A secondary cell wall is one that is produced after the cell is mature. It is produced inside the primary cell wall.

Most sclerenchyma cells are nonliving. They function to support mature regions and produce hard parts (example: nut shells).

omit: contain fibers (long and slender) and sclereids (shorter, varied shape)

example: sclereids make nut shells hard

Primary growth of stem

Primary growth occurs only in apical meristems which are located at the tips of the stems and roots.

Meristems in stems are protected by newly formed leaves within a bud.

 

Axillary buds

usually dormant

in the axes of mature leaves

develop into branches

 

Herbaceous stems (nonwoody

Herbaceous stems are produced by primary growth.

The outermost tissue is epidermis and is covered by waxy cuticle to prevent water loss.

The vascular tissue is found in bundles that are arranged in a ring (dicots) or scattered (monocots).

In dicots, the xylem is toward inside; the phloem is toward the outside.

cortex- In dicot stems, the cortex is located in the area between the vascular bundles and the epidermis. In monocot stems, it occupies the area surrounding the vascular bundles.

The center of the stem is pith and may function as storage.

 

Secondary Growth of Stems

Secondary growth occurs in plants that live > 1 year.

primary growth occurs for a short distance behind the apical meristem, then secondary growth occurs.

It begins with the formation of a vascular cambium and a cork cambium.

 

ebVascular cambium

Initially, vascular cambium is found between the xylem and phloem in the vascular bundles of dicots.

After one years growth, it joins to form a continuous ring.

Cell division toward the inside and outside form xylem and phloem.

Seasonal climates produces growth rings because cells grow faster and are larger in the spring than later in the growing season.

 

Cork cambium

Cortex cells beneath the epidermis produce the cork cambium.

The cork cambium produces cork.

Cork is waterproof because the cell walls are impregnated with of suberin.

Pockets of cells lack suberin. These are called lenticels and function to allow gas exchange.

Cork replaces the epidermis on woody stems and roots.

 

Bark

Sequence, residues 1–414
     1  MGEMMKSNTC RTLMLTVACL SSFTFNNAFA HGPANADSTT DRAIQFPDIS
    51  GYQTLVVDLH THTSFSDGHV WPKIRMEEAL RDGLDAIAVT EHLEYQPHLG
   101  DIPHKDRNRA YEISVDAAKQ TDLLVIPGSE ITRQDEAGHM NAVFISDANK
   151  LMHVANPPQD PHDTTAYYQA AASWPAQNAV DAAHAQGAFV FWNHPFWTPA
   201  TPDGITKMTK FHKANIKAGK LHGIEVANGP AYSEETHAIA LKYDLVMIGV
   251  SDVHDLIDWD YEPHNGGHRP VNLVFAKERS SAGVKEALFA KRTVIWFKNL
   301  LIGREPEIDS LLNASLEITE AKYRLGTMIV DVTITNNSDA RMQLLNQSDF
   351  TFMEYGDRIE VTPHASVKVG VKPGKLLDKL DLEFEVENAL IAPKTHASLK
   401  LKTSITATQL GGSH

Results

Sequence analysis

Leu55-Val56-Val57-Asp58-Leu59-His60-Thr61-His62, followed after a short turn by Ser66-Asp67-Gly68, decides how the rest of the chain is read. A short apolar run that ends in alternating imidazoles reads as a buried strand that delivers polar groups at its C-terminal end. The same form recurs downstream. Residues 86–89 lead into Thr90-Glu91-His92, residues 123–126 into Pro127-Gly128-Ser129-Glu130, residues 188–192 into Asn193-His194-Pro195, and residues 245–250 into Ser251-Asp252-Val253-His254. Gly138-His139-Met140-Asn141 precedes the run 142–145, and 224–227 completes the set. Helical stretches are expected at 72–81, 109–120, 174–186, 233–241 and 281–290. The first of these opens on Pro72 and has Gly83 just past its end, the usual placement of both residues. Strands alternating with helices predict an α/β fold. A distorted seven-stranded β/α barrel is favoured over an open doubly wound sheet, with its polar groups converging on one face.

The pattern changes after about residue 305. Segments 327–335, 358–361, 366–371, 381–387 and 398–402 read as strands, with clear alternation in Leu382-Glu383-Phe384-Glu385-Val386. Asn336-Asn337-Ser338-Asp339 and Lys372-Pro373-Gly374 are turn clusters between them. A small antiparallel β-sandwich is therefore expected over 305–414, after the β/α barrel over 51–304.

The bark of trees consists of cork, cork cambium, cortex, and phloem.

 

Summary of Stem Growth

 

Primary Growth

Lateral Meristems

Secondary Growth

Dermal Tissue

epidermis

 

cork

Ground Tissue

cortex

pith

  

Meristem Tissue

vascular cambium

cork cambium

vascular cambium

 

Vascular Tissue

primary phloem

primary xylem

 

secondary xylem and phloem

 

Stem External Structure

Stems support, conduct, store water and photosynthate (products of photosynthesis).

nodes- where leaves attach

internodes - between nodes

bud - contains apical meristem and newly-forming leaves

leaves - photosynthetic organs

 

Types of stems

stolons (runners)- horizontal, aboveground- strawberries

rhizomes- horizontal, underground; responsible for rapid spread of many weeds

tubers- enlarged tips of rhizomes; food storage- potato

corms- underground, short, thick, vertical; food storage- gladiolus

bulbs- underground with thick, fleshy leaves- onion

tendrils- assist plant in climbing

 

Leaves

Leaves usually function in photosynthesis, so they are flattened to increase the surface exposed to light.

blade, petiole

simple, compound

pinnate, palmate

opposite,alternate, whorled

vary according to environmental conditions

broad in shade

reduced in dry areas (ex: spines in cacti)

succulent leaves hold water

can be adapted for food storage (onions)

climbing leaves can be modified as tendrils

Monocot leaves have parallel veins; dicot leaves have a net-like pattern.

The top layer is the epidermis, a type of dermal tissue. It often has protective hairs and/or glands that produce irritants.